The Problem With Google -- and The Cloud
Those of us who love Google Reader are, naturally, upset by Google's decision to kill it. But it's not a hard decision to understand. Google gave away Reader for free and doesn't make any money from it. Anytime you use a product like that, there's a risk it will go away. But what about more important products? Those are safe, aren't they? Ezra Klein isn't so sure:
In fact, I'm starting to worry a bit about Gmail, which is at the core of pretty much my entire life. I know, I know — Gmail is safe. The data it feeds into the Google mainframe is extremely valuable to the search giant. They won't let anything happen to it.
But I'm a heavy user of Gmail. And so I've been buying more space on Google's servers. Recently, I hit 30 gigs — and learned Google won't let me purchase any more room. The service which once swore I'd never have to delete a message now tells me my only option is to delete gigabyte after gigabyte of past e-mails.
Actually, I think the problem lies elsewhere. Ever since the birth of the PC, you've taken a risk when you buy a new product. If it succeeds, it'll be around for a long time. If it doesn't, it will die. Google isn't breaking any new ground here.
What's different is that Google's products are all cloud-based. When Google Reader goes away on July 1, that's it. It's gone. If it were an ordinary bit of software that I'd installed on my PC, this wouldn't be a problem. It would keep on working for years even if it never got another update. I'd need to replace it eventually—because of an OS upgrade or a desire for new features that finally got too strong—but I'd probably have years to work that out.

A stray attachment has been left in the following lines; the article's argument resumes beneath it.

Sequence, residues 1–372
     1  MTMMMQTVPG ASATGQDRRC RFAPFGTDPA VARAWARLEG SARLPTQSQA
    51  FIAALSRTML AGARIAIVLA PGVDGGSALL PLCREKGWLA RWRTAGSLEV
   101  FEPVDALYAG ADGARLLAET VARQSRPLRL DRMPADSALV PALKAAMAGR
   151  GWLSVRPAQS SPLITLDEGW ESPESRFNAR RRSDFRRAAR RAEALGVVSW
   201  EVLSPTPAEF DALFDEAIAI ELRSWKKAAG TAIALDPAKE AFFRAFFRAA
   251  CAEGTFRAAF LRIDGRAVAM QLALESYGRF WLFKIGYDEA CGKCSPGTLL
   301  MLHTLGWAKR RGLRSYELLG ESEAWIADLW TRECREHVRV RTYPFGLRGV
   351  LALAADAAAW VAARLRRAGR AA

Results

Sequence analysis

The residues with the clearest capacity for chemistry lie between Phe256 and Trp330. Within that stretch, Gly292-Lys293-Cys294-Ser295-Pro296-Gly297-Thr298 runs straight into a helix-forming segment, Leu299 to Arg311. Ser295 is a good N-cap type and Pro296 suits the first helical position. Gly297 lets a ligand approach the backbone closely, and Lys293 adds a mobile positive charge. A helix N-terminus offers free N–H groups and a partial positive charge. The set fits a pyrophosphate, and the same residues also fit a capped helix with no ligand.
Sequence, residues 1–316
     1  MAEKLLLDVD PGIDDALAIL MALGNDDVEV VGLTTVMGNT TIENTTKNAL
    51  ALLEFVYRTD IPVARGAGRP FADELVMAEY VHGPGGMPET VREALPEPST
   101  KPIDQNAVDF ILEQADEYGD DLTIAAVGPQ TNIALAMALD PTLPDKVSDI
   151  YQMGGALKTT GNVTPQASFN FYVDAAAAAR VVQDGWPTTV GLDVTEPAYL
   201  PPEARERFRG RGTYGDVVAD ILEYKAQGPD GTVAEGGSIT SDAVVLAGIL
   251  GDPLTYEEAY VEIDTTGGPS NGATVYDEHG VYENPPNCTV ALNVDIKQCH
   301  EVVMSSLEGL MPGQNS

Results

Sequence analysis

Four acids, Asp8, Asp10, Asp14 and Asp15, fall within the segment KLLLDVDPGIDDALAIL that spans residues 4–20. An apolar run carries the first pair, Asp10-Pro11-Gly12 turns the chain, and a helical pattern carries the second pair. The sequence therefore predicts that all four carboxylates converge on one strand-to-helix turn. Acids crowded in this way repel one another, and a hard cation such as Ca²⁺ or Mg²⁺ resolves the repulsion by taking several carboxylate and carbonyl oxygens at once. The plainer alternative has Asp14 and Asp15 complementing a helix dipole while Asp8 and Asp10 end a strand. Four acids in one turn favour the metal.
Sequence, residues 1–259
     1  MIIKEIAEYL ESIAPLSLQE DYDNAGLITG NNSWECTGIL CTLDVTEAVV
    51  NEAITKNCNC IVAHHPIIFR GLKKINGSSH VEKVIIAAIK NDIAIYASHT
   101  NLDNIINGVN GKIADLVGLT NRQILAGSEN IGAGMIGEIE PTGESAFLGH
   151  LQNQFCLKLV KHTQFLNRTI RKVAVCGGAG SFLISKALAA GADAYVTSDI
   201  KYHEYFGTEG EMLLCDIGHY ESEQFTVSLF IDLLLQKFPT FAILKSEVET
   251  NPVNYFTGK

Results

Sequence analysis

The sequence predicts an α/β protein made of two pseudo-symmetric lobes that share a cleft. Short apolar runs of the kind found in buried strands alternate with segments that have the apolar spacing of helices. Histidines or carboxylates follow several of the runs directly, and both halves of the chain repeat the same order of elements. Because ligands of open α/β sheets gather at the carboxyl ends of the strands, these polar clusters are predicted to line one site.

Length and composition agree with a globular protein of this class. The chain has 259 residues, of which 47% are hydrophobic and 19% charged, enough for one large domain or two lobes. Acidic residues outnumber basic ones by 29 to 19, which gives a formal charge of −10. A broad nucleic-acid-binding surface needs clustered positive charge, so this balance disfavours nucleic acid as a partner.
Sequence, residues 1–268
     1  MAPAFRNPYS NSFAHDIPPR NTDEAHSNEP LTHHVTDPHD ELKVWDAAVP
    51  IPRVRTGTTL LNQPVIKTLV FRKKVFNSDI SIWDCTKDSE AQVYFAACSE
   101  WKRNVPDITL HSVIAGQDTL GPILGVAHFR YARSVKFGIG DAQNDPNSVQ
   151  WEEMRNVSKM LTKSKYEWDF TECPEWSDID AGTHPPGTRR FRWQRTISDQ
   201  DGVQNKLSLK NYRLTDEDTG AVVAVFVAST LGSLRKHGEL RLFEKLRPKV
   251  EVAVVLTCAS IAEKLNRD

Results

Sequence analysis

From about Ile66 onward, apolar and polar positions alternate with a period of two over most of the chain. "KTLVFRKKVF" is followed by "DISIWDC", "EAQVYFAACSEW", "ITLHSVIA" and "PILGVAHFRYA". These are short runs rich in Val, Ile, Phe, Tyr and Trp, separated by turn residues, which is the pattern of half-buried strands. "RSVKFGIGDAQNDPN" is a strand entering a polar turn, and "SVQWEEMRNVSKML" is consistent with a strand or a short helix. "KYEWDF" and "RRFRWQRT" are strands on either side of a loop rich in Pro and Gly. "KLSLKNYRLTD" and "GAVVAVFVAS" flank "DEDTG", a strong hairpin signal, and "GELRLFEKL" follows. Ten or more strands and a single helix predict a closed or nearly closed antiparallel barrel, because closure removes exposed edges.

Ditto for my email program, which is client-based. It will never run out of space, because I can always buy a bigger hard drive if I want to. If it goes away, I'll need to find a new email program, but I'll have plenty of time to do it.
Of course, there's a price to be paid for this: I don't have access to my email archive everywhere I go. If I traveled a lot, that would be a huge drawback.
My preferred solution is to use old-school client-based software, but to store all data (or perhaps mirror all data) in the cloud. Sure, my storage provider might go out of business, but that's an annoyance, not a crisis. I just have to find a new cloud storage provider and move my data.
This problem is that this still isn't as easy as it should be, and anyway, for lots of applications the cloud application model provides some compelling advantages. But I'm leery of it. I don't like being forced to upgrade whenever Google decides I should. (When they release a new version, that's what you get the next time you start up your browser. If you don't like it, tough.) I don't like having my software go away completely if Google tires of it. I don't like wondering if Google will put limits on how much data I'm allowed to keep. I don't really even like Google having access to all my data in the first place. One way or another, I figure they're going to use it for marketing purposes, no matter how loudly they swear they never will.
The cloud is not your friend. Or maybe it is, but at best it's a fair-weather friend. We've been seduced by free, and seduced by the cloud. We should probably all step back from the brink.